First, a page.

Toxic Substances Hydrology Program
U.S. Geological Survey Toxic Substances Hydrology Program--Proceedings of the Technical Meeting Charleston South Carolina March 8-12, 1999--Volume 3 of 3--Subsurface Contamination From Point Sources, Water-Resources Investigations Report 99-4018C
Aquifer Heterogeneity at the Norman, Oklahoma Landfill and its Effect on Observations of Biodegradation Processes
By Martha A. Scholl, Isabelle M. Cozzarelli, Scott C. Christenson, George N. Breit, and Jamie L. Schlottmann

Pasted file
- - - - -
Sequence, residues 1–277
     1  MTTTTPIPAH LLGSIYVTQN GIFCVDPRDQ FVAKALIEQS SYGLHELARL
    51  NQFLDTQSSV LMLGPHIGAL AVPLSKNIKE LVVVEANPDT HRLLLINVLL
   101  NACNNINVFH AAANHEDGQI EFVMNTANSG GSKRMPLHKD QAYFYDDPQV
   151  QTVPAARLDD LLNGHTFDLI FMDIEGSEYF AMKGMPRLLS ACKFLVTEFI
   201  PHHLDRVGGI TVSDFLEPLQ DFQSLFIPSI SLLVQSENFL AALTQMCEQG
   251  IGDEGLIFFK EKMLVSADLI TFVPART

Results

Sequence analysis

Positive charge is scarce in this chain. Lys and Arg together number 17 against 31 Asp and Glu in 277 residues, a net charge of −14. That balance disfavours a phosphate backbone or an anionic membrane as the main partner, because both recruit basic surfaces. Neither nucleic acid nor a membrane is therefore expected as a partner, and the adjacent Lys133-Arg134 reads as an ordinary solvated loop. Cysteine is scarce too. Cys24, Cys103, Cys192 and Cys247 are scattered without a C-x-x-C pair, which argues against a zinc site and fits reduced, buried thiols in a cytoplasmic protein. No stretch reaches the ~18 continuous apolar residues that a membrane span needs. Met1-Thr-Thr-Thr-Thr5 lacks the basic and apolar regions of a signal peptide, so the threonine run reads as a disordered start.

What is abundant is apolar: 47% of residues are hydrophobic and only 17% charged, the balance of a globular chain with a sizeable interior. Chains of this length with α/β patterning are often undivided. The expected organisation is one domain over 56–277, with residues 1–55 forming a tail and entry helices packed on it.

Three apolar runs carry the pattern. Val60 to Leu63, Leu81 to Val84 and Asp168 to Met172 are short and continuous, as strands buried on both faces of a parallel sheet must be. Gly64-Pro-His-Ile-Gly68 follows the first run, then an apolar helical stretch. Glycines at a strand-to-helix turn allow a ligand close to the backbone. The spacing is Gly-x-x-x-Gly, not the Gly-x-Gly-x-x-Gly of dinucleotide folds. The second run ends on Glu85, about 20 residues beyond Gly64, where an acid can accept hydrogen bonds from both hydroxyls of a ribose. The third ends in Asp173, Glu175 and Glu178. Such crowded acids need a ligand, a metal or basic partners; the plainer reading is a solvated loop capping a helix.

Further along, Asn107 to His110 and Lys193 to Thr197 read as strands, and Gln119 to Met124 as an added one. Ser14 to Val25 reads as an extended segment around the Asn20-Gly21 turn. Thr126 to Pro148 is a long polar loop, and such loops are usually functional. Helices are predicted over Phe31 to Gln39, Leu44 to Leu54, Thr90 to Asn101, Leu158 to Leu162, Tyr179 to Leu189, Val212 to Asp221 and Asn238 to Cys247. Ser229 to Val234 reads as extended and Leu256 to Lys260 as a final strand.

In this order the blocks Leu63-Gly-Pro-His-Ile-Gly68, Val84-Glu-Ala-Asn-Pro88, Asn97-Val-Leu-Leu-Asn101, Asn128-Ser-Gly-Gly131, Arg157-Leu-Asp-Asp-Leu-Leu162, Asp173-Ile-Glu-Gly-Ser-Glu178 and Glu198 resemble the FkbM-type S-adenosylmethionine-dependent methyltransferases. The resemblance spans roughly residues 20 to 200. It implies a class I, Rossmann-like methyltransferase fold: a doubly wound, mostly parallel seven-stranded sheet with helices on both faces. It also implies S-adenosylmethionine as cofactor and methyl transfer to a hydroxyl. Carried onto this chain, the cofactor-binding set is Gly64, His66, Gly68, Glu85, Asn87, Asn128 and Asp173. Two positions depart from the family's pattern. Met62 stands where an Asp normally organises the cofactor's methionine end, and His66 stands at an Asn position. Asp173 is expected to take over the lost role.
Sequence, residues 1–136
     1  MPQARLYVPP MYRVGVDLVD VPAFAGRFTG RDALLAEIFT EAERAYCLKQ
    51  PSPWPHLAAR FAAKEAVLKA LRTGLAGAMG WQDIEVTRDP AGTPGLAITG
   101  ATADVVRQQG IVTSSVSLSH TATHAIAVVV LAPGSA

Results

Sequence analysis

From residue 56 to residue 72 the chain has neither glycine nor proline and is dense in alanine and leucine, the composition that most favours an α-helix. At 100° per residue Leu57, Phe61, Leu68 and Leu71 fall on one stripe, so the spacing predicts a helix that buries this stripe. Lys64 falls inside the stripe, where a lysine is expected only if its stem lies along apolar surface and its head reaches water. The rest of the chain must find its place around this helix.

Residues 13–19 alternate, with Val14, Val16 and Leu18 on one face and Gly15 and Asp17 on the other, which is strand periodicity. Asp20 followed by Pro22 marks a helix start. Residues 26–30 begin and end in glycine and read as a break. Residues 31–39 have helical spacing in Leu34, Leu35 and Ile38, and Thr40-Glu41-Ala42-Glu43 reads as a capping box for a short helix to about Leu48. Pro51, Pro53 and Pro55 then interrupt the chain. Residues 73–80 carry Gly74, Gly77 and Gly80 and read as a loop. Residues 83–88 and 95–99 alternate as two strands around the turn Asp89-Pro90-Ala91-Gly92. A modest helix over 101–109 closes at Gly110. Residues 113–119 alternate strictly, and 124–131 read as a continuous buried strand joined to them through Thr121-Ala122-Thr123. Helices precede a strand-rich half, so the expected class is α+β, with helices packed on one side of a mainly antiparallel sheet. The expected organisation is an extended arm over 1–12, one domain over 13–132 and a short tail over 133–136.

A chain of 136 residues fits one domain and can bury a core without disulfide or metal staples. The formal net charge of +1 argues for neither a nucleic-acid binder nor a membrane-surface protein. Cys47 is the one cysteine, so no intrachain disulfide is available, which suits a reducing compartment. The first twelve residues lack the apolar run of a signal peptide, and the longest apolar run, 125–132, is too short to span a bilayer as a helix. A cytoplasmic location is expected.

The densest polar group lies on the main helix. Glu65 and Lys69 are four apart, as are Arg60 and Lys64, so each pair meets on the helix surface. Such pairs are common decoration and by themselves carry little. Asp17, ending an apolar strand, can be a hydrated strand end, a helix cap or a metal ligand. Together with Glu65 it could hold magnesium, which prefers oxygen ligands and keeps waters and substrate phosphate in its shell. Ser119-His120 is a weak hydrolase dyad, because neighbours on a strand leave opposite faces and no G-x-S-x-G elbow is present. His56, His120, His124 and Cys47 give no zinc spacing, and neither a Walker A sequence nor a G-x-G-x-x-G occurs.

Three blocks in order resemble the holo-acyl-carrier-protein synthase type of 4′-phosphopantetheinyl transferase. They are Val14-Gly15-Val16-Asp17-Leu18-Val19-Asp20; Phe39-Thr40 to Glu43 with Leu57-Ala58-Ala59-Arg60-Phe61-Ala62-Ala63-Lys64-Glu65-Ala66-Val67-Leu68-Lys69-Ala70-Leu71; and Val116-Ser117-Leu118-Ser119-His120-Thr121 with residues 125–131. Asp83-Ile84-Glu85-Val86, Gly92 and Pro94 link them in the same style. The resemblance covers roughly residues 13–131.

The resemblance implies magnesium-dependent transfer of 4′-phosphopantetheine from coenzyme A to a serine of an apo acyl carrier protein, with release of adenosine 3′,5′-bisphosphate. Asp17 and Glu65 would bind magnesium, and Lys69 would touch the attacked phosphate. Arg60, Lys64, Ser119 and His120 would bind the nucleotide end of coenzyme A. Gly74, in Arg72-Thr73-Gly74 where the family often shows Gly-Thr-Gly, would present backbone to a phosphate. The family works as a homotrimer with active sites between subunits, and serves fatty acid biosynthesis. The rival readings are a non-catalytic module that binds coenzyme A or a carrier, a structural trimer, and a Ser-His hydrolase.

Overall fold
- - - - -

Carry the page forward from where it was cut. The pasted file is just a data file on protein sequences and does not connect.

Biodegradation processes in the leachate plume at Norman landfill probably vary among the distinct hydrologic and chemical environments at the site. These environments include zones of mixing with surface water, rainfall recharge or background ground water, and areas of varying permeability in the part of the aquifer occupied by the contaminant plume. The alluvial aquifer at the Norman landfill site consists of sediments ranging from mud to pebbly sand, which, except for the mud layers, have a range of measured hydraulic conductivity from 2.4 x 10-7 to 2.8 x 10-4 m/s. Core descriptions from the site indicate that average aquifer composition is 75% sand (fine, medium and coarse), 10% silt and clay in discrete layers, 10% medium-grained sand matrix with pebbles or mud clasts, and 5% coarse sand with pebbles. A numerical model (BIOMOC) was used to explore how permeability might affect observed biodegradation processes and rates. Results of the simulation suggest that low-permeability areas in the aquifer may be relatively uncontaminated, and act as reservoirs of electron acceptors to the surrounding leachate-contaminated areas. A moderate permeability area in the model had relatively low contaminant concentrations and biodegradation appeared to be most efficient in that area. In the highest-permeability areas, the simulation results suggested that preferential electron acceptors are depleted very quickly, leading to higher contaminant concentrations due to less efficient degradation processes and high rates of transport.